The late-great Phaedra Cinema presented many edgy, bizarre and eccentric titles. What is it about films like these that piqued your interest and propelled you to bring them to theaters?
I’m a rabid fan of anything film, which means that I love all types of films running the gamut from typical arthouse fare to the more experimental and cultish. I think that the films I distributed at Phaedra were a reflection of this taste. I think that a “Phaedra” film could not be immediately identifiable or categorized because you (the audience) never knew what to expect be it, the intense French drama “La Separation” (which starred Isabelle Huppert and Daniel Auteuil), the very commercial comedy Just A Little Harmless Sex, the offensive Underground Comedy Movie or the classy but shockingly revolting Japanese film “Wife To Be Sacrificed.”

During Phaedra’s peak, roughly 1999/2000, it was still a very tiny operation and we were able to take chances on theatrically releasing these challenging and financial risky titles, without having to suffer the wrath or backlash from a more corporate environment. It was a real sense of freedom to be able to acquire the films, market and sell them myself, put the advertising charges on my credit cards, count the heads in the theaters and collect the box office receipts (or lack thereof). Of course, it was also disheartening to live through the failures, of which there were many.

Phaedra Cinema was among the few distributors which would take a chance on films from the likes of Men Cry Bullets or The Underground Comedy Movie or even a $980 film like “Cupid’s Mistake.” Why do you feel that other distributors were less enthusiastic about pursuing and releasing these kinds of films?
Well for one thing, these films were hardly commercial in any sense and if you refer to their theatrical reviews you will see that none had any sort of critical support either. But for every film that I distributed through Phaedra, there was something of each that intrigued me whether it be the subtle Cassavetes’-like quality of “Cupid’s Mistake,” the intensity of Zack Winstine’s States of Control, the glossiness of “Ratchet,” the over-the-top excitement of Gonin, the complete incomprehensibility of Soft Toilet Seats, the Frankenheimer feel of “The Taxman” or the simple romance told in “Love Etc.”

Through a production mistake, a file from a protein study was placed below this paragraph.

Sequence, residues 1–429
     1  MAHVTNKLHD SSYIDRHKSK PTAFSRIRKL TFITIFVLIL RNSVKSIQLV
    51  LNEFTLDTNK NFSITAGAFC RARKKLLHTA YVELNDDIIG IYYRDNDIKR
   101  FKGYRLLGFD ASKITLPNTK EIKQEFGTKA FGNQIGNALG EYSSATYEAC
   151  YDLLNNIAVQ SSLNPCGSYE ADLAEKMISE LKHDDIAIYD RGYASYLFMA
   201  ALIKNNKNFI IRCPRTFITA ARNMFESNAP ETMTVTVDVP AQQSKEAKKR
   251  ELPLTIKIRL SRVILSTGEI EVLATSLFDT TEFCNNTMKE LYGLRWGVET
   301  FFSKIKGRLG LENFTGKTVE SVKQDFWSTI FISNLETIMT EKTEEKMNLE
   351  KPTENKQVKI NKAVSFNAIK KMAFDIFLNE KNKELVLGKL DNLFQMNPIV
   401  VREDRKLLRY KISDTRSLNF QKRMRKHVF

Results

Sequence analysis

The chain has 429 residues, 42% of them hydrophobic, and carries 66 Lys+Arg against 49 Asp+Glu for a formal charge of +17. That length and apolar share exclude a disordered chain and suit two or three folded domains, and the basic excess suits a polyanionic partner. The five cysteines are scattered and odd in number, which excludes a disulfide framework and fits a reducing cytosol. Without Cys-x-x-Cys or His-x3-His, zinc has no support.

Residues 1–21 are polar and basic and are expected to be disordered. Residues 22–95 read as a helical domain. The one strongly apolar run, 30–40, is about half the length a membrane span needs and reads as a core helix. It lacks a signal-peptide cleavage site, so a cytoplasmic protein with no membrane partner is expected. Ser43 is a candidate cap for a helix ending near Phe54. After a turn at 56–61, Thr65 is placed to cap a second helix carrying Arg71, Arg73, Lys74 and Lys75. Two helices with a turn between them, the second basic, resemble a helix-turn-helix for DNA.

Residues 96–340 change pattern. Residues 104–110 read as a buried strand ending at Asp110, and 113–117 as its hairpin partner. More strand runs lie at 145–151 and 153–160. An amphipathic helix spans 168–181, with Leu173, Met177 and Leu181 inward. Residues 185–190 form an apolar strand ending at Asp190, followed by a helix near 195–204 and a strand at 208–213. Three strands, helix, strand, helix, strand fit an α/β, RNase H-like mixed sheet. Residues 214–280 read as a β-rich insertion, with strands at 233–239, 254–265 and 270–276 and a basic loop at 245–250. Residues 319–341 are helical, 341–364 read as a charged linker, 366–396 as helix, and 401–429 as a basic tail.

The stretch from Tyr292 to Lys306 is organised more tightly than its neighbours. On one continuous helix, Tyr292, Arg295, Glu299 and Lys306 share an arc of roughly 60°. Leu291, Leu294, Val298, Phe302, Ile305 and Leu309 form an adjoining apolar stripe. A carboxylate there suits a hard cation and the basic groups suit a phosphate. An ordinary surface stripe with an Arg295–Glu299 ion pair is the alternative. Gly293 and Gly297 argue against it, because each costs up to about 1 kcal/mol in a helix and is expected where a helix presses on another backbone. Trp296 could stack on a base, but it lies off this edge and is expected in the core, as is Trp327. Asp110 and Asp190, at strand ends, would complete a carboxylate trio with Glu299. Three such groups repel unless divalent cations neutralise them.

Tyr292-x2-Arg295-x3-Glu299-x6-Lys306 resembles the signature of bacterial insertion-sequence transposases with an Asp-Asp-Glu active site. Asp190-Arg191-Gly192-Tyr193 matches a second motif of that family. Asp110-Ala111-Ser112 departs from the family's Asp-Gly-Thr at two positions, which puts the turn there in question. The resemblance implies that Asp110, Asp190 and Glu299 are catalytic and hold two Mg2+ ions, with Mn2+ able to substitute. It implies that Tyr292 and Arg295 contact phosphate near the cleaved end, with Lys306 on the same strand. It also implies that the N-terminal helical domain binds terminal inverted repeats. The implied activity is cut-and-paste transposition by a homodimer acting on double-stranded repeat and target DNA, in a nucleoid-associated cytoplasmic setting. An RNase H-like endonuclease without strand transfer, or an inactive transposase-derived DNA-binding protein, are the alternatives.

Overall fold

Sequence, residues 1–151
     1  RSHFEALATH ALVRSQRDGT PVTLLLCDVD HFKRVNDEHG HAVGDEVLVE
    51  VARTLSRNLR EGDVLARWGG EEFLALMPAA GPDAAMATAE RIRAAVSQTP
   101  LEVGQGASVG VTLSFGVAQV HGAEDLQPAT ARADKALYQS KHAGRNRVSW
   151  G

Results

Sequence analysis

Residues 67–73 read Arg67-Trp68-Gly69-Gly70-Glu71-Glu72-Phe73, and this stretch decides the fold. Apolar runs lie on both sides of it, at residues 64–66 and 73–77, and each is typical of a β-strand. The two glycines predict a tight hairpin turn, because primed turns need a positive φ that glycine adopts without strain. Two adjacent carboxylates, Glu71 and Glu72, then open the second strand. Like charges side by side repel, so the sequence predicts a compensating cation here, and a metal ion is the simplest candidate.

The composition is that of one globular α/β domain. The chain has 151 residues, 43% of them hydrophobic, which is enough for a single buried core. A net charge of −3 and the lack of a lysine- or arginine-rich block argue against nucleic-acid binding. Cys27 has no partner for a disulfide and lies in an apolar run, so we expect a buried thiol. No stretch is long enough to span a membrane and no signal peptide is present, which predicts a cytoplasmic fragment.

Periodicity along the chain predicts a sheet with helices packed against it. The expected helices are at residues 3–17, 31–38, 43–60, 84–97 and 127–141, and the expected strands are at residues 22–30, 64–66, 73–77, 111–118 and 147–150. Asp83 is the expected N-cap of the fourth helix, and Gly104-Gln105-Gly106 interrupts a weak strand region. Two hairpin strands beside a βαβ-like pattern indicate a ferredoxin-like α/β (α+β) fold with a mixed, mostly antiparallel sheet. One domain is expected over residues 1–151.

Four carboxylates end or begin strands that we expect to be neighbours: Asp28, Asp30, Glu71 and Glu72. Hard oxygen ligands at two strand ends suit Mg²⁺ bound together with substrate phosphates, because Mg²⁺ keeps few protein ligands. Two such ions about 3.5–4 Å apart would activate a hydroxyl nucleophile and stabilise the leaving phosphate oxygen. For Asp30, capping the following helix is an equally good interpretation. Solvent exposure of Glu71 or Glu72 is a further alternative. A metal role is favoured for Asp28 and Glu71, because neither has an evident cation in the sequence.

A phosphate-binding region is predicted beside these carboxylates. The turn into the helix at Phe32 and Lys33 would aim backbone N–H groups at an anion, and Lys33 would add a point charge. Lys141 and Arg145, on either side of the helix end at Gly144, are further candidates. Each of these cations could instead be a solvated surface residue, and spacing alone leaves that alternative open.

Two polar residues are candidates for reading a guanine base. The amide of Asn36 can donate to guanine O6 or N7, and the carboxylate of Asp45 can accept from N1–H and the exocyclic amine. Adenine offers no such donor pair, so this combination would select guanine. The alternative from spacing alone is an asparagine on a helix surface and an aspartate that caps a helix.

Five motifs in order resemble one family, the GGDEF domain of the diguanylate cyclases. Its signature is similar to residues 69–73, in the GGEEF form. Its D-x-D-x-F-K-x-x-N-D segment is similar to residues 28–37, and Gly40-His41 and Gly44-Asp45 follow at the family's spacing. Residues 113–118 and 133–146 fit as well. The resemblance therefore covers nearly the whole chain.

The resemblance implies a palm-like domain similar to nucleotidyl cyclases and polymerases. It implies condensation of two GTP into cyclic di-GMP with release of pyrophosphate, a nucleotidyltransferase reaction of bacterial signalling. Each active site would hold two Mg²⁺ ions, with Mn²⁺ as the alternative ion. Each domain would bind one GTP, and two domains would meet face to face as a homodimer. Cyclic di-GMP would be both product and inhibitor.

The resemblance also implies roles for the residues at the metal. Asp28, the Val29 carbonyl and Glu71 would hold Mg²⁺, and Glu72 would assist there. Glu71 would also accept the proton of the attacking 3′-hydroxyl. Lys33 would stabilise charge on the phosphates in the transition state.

From the start, I had modeled Phaedra Cinema after World Northal Films, an independent distributor from the 1970s known for distributing martial arts classics from the Shaw Bros. but who also made a name for releasing such arthouse hits as Peter Weir’s “The Last Wave,” “Quadrophenia” and Nicolas Roeg’s “Bad Timing.”

But getting back to the question: I think that the other distributors simply weren’t interested in the challenging films we released. They had to be financially responsible to their corporate parents and simply could not take these sort of risks. Remember, this was all before the DVD boom, the cable market was relatively static, but the theatrical market was, as it still is, non-existent for marginal fare.

Some of the edgier, underground-variety indie films released by Phaedra were roasted by the critics. Do you think that the critics tend to be more hostile to smaller films versus the blunders that come out of Hollywood?
By and large, the critical press have their own select brand of taste. To be a critic is to be one of the most overworked people in the world — you screen six-to-ten films a week in very desolate screening rooms – you’re always in the dark – pressured by editorial deadlines to deliver reviews. You lose the fun of moviegoing, I would think. Given these circumstances, it’s very hard to be objective when you’re under these sort of pressures and I think the smaller films fall through the cracks when it comes to getting press. Ironically, it’s these films that need the press the most given they’ve no real advertising budget to speak of, no star actors, etc.

I would think though that the studios do impose some kind of pressure on critics to give their films major coverage. Studios such as Miramax, and the majors (i.e. Sony, Paramount, etc.) will routinely fly in critics to luxurious press junkets and parties for their latest releases. It’s hard to be objective when all that is lavished on you.

Do you recommend self-distribution for filmmakers who cannot get their films picked up?
No. Simply because self-distributing your film means that you’ll be living with your film for another one-to-two years in addition to the two years it took to write and produce it, which means a delay in making your next film and losing your creative momentum. On top of that, there’s also the major issue of being able to collect from exhibitors when they know you have nothing to follow it up with.

Where do you see indie theatrical distribution heading in the near future?
Onwards and upwards, I hope. Though there are and continue to be the many, many failures in the independent film scene, there are still enough commercial successes for the audiences, studios and networks to take notice. Having hits like Lost in Translation and American Splendor means that more theater chains will be open to showing indie films and it also further builds up the audience for indie cinema. Yes, the studios continue to dominate the art houses, but the DVD market is still a market where a small indie can survive and television is getting rosier.

Check out “Until the Night” at the film’s official website.

Posted on August 18, 2004 in Interviews by

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